Deputy Chief Justice Raymond Zondo, who heads the commission of inquiry into state capture Picture: Itumeleng English/African News Agency (ANA)
Deputy Chief Justice Raymond Zondo, who heads the commission of inquiry into state capture Picture: Itumeleng English/African News Agency (ANA)

Zuma versus Zondo battle heats up

By Baldwin Ndaba Time of article published Nov 18, 2020

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Johannesburg – A war of words is looming between former president Jacob Zuma and Deputy Chief Justice Raymond Zondo on Thursday after Zuma submitted an affidavit to the commission of inquiry into state capture that he had influenced Justice Zondo’s appointment as a judge in 1997.

This is contained in an affidavit submitted by Zuma challenging a statement Justice Zondo made on Monday in which he said the two were not friends and Zuma had played no role in his appointment.

In his affidavit, Zuma said he was the national chairperson of the ANC in 1997, which entitled him, during the Nelson Mandela presidency, to be part of government discussions about the appointment of black people to the bench.

He was reacting to Justice Zondo’s statement, read out during the commission sitting on Monday, in which the judge rejected claims of Zuma’s involvement in his appointment.

Despite Zondo’s denial of friendship and influence, Zuma’s affidavit drew a different picture.

In his affidavit, he said “during President Mandela’s administration, the African National Congress was consulted on a wide range of issues regarding judicial appointments”.

Zuma said while there was a need to transform the judiciary, there was a shortage of black legal practitioners who could ascend to the bench.

“I understand that in referring to me as ‘only an MEC’ the chairperson is attempting to downplay my role in order to demonstrate that he couldn’t have relied on me for his ascendancy.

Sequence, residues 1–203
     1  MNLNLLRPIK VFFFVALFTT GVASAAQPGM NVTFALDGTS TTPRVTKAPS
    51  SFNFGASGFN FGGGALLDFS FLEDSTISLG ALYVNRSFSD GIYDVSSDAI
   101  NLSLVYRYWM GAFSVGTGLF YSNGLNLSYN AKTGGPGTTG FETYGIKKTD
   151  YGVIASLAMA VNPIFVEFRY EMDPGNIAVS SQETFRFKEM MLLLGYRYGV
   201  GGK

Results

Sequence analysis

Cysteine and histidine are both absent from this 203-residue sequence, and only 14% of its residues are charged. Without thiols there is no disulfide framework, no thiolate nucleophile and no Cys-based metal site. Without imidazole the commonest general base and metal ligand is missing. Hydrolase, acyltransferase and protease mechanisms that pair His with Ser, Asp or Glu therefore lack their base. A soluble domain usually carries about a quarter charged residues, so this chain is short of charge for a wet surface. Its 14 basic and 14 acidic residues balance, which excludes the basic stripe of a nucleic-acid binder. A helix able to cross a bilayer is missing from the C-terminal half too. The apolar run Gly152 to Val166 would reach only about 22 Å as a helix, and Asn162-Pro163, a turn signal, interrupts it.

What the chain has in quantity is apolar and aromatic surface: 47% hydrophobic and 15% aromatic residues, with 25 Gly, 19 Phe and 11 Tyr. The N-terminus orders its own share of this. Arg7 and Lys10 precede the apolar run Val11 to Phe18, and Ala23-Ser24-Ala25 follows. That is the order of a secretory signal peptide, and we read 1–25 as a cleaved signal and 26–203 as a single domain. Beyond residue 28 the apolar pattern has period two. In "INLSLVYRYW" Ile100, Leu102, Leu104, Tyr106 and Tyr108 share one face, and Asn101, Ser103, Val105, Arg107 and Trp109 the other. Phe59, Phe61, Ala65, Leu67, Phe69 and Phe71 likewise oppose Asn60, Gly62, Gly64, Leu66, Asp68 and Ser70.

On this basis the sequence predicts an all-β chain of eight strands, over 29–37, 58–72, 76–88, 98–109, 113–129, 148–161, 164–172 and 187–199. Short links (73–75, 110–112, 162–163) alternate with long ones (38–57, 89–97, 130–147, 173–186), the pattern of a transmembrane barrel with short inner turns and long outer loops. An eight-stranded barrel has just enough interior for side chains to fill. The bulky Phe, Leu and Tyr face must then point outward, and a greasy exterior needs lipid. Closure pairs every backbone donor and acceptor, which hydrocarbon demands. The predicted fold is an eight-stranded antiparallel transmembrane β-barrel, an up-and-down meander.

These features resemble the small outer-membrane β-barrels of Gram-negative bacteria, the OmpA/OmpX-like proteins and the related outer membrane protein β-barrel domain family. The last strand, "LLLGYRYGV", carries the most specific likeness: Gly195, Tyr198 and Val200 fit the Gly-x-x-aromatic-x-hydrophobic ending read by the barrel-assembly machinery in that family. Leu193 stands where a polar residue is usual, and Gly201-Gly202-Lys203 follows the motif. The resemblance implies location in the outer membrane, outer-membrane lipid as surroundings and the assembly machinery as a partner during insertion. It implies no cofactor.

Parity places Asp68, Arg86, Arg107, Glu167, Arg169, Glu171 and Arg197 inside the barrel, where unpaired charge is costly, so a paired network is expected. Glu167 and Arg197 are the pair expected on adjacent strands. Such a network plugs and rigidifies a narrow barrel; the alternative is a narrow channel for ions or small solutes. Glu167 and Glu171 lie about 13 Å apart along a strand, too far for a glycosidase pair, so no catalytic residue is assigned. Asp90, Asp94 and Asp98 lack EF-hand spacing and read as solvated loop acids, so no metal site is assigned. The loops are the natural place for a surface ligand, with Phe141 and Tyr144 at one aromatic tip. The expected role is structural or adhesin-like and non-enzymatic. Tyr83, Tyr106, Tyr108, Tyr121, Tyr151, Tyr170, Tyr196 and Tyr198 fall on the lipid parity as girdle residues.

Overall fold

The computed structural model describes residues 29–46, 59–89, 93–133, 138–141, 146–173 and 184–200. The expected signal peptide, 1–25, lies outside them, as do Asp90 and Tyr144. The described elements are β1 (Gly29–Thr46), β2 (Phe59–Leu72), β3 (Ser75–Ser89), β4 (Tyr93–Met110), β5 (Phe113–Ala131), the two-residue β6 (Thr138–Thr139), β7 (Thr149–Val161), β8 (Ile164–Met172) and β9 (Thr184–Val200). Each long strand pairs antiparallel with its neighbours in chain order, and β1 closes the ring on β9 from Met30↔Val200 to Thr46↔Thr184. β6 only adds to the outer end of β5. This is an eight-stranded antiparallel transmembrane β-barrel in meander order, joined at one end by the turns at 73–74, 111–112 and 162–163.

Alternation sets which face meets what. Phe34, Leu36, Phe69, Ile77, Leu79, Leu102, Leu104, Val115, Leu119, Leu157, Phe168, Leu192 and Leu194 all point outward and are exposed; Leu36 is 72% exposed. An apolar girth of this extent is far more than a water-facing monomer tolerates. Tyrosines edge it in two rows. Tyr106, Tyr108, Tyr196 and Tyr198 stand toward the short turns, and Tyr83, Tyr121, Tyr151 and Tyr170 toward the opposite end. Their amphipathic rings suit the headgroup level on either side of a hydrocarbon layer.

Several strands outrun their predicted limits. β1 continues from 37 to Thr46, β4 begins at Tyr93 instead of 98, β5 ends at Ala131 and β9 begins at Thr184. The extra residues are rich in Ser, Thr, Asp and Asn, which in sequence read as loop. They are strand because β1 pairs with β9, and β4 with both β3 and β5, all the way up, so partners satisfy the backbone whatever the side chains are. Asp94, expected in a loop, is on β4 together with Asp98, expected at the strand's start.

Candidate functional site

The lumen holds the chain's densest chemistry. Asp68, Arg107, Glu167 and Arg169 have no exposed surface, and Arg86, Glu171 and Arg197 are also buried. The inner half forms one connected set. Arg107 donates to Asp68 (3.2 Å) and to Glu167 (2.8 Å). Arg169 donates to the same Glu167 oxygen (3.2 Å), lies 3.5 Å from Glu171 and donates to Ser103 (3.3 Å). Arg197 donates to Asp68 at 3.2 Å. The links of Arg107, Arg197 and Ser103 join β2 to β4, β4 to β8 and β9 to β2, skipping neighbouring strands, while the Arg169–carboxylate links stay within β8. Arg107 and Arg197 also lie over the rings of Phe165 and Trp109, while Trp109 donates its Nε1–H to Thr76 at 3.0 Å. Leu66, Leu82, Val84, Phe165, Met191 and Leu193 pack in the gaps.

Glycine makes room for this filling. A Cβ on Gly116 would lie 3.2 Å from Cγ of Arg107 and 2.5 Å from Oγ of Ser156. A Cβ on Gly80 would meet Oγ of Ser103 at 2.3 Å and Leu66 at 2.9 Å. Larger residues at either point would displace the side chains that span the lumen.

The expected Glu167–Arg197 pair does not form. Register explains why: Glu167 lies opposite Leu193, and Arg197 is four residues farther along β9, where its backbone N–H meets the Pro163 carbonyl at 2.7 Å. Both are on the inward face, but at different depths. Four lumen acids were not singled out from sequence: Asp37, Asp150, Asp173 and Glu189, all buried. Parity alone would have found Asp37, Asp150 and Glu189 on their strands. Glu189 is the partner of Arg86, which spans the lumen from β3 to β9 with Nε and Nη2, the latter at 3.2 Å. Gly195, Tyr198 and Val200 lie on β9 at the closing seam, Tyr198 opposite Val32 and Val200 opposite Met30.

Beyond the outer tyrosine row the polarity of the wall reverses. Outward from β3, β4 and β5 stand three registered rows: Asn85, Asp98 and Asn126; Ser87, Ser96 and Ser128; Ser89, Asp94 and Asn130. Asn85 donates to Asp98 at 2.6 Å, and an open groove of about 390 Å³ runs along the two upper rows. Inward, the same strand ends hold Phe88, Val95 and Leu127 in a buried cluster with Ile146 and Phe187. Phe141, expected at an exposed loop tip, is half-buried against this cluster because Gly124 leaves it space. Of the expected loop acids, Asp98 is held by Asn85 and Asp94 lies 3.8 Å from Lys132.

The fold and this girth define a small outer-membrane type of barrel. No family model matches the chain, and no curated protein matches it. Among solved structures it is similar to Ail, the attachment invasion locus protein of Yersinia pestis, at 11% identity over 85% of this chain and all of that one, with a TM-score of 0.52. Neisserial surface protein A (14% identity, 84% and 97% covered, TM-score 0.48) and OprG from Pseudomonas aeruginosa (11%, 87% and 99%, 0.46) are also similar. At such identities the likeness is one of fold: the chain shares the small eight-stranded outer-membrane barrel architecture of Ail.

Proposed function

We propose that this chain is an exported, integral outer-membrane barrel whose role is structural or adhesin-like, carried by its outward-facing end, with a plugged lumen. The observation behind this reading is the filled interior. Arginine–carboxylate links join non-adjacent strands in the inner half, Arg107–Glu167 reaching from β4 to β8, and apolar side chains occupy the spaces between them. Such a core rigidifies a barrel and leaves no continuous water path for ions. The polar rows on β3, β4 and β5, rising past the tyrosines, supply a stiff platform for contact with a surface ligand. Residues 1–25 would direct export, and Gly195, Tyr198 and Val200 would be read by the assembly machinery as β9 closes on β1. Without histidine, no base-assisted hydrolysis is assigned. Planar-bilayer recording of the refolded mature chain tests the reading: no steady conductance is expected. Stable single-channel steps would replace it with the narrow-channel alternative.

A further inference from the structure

“It is common cause that at the time I was also the national chairperson of the ANC and the provincial chairperson of the ANC in KwaZulu-Natal.

“These were indeed positions of influence within the ruling party, the ANC. Accordingly, his attempt to communicate that I was insignificant in the national political arena is untrue,” he said.

Zuma also disputed Justice Zondo’s statement that he has never been at his official residence during his presidency.

The former president said after Justice Zondo was selected by Chief Justice Mogoeng Mogoeng to preside over the commission of inquiry into state capture, the two met at his official residence in Durban.

In his replying affidavit, Zuma insisted the two were friends, saying when Zondo visited him at his Forest Town house, he warned him about the consequences of their friendship. “We discussed, amongst other things, how our friendship, if not managed properly, could jeopardise his judicial ambitions or rise within the ranks of the judiciary.”

Zuma’s replying affidavit was submitted a few hours before Justice Zondo was due to deliver his judgment on Zuma’s application for his recusal on the grounds that the judge had treated some of the witnesses who testified against him with kid gloves.

Due to Zuma’s submissions on Wednesday, the commission secretary, Professor Itumeleng Mosala, issued a statement in which he informed the public the judgment would be delivered on Thursday.

Political Bureau

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